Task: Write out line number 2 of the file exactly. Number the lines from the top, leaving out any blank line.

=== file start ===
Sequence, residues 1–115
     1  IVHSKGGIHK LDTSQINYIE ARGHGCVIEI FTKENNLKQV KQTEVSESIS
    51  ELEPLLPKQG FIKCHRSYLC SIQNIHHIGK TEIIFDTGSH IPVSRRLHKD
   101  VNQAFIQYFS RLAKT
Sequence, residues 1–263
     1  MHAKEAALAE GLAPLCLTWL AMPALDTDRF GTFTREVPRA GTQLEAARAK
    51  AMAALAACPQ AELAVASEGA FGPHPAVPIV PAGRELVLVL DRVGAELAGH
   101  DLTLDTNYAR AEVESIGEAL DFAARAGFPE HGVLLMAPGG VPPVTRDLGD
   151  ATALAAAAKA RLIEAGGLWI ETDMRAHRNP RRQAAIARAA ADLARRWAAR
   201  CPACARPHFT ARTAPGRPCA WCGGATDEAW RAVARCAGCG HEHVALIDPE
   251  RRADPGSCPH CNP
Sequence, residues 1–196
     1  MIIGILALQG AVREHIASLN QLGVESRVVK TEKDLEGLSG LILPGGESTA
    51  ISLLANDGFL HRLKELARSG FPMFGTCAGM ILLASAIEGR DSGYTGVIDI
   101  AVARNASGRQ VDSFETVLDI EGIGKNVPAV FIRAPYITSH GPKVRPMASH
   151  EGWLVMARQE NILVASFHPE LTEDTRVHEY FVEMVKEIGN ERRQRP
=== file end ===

     1  IVHSKGGIHK LDTSQINYIE ARGHGCVIEI FTKENNLKQV KQTEVSESIS